MILFORD — Milford Town Council members took a proactive stance against the possibility that a mass shooting, such as recently occurred in El Paso, Texas, or Dayton, Ohio, might someday occur in their small town. The council voted Monday to approve the purchase of 12 active shooter-response kits.
Town Marshal Derek Kreider told the council, “With all that’s been going on lately and due to the recent mass shooting events, I want to better equip our officers.”
He said the kits would be easily transferred from patrol car to another vehicle if needed. The kits, which would be worn by officers, will consist of one ballistic plate carrier capable of stopping high-powered rifle bullets and would have a police logo on the front and back. The kit would also have holders for three rifle magazines and three pistol magazines, six quick combat gauze bandages and five tourniquets on the back and a utility packet.
He said the kits are designed with the bandages and tourniquets on the back so “if an officer goes into an active shooter situation and has to tend to someone he’d take it off the officer in front of him.”
He also requested approval for a weapon for the school resource officer to “give him a distinct advantage if he finds himself in an active shooter situation at school.”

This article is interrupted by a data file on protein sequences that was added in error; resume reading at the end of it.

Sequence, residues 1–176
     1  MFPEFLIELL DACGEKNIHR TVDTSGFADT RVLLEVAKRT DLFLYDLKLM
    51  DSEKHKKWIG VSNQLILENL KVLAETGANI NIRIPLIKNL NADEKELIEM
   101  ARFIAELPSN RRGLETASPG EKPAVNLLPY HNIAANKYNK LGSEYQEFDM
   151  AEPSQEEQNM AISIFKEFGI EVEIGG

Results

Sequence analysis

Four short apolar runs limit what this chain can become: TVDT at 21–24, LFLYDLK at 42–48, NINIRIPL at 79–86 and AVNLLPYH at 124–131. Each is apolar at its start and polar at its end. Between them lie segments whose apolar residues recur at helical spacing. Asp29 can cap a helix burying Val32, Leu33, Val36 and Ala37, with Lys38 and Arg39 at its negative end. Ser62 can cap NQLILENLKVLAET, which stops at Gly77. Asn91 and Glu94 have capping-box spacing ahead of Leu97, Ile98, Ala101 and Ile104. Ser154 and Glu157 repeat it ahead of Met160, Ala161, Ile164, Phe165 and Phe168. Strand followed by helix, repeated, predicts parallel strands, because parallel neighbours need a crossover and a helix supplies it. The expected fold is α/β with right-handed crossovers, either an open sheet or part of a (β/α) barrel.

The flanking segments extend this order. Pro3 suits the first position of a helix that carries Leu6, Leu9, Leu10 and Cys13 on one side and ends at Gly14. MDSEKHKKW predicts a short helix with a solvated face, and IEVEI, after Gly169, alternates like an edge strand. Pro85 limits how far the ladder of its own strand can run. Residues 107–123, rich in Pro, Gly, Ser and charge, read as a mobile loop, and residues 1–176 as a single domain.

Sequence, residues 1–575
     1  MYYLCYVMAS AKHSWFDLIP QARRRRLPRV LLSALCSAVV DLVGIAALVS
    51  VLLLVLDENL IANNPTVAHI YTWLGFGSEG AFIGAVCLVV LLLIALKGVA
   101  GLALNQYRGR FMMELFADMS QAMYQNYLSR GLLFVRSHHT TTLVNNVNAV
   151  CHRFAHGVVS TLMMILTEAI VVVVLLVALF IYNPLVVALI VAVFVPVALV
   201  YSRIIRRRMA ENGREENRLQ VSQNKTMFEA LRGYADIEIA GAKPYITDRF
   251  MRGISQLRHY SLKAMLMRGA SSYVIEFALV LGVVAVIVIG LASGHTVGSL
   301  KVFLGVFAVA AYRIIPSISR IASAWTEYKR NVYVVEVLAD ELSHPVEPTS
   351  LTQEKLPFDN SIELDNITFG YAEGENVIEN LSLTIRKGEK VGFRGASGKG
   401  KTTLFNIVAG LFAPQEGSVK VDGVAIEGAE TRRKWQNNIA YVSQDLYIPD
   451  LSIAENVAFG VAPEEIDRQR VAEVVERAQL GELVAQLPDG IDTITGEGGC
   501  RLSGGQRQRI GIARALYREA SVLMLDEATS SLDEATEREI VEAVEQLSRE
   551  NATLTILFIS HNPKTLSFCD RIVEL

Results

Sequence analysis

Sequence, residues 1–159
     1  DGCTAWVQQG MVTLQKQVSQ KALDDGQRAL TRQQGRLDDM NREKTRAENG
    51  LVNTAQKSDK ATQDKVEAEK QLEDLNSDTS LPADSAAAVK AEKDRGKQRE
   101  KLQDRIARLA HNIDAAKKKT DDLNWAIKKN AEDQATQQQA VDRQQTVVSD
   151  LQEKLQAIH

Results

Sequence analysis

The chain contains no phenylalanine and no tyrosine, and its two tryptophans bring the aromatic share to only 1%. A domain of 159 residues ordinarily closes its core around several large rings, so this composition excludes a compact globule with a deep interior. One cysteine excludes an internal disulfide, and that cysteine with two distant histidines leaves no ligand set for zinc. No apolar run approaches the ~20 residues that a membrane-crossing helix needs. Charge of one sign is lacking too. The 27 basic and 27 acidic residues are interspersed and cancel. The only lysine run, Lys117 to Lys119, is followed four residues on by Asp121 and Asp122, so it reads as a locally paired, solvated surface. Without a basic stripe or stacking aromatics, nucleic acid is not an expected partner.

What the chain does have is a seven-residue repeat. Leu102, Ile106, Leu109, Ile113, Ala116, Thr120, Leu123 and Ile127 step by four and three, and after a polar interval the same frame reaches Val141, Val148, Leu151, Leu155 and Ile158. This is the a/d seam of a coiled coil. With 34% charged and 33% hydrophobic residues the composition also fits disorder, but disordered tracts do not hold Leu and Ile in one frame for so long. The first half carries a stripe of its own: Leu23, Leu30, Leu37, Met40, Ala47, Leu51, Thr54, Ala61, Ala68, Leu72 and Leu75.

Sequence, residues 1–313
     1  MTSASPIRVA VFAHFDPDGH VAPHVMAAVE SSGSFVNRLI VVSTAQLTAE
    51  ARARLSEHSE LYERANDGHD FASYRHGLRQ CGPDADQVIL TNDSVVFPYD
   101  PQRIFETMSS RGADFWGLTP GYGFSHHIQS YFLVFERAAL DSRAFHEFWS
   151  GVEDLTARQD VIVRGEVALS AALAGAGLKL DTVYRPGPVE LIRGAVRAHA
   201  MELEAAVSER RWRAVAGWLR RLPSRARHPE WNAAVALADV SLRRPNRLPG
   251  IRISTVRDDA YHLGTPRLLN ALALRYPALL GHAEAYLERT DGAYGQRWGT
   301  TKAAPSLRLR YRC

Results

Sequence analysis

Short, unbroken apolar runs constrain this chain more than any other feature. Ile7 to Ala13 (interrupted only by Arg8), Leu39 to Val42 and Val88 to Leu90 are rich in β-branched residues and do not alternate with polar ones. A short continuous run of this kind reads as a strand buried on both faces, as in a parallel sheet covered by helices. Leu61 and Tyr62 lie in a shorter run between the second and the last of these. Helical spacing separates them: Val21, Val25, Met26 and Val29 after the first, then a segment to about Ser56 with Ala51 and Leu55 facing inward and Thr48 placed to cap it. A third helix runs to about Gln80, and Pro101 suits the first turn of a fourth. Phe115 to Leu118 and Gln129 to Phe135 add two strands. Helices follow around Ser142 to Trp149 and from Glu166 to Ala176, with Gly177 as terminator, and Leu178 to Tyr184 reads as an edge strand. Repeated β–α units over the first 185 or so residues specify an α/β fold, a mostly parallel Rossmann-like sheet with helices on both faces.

The council approved the purchase at a cost of $17,810. Clerk-Treasurer Tricia Gall said she would take that cost out of riverboat revenue funds and she said the items for the kits were being purchased separately, so they are not all from one supplier.
Kreider also received approval to hire Richard Miotto as a part-time investigator. Kreider said Miotto retired from the force two years ago and has 25 years experience in law enforcement. He will be used primarily for investigations, including major burglaries, sexual assaults, etc. Kreider said he has to redo 40 hours of basic training for a fee of $75.
Kreider said there is plenty of money in the budget to utilize Miotto as needed.
Councilman Kenneth Long said, “I think it’s a good idea. We have the money; he has the knowledge and he knows the town. He’d be an asset.”
Gall told the council that she met with a representative from the Department of Local Government Finance and the meeting went well. She said she was told to add $16,000 to the budget to meet the maximum levy, so she is still working on those numbers.
She told the council she is only required to publish the budget on a website www.budgetnotices.in.gov by Aug. 30, but she would post on the door as the council asked. They are also holding a public hearing on the budget at the Sept. 9 council meeting.
Council president Doug Ruch said, “Thank you very much for your accounting ability and looking out for Milford’s best interests by getting us the maximum levy amount. You should be commended for that.”
UTILITIES, STREETS & PARKS
Council members approved:
• Having Superseal of Warsaw prep and pave road patches at a cost of $8.25 square foot for a total of $17,958.
Steven Marquart said he had money in the budget and said, “We need to take care of this before school starts and (we’d) start with what’s priority for school buses.”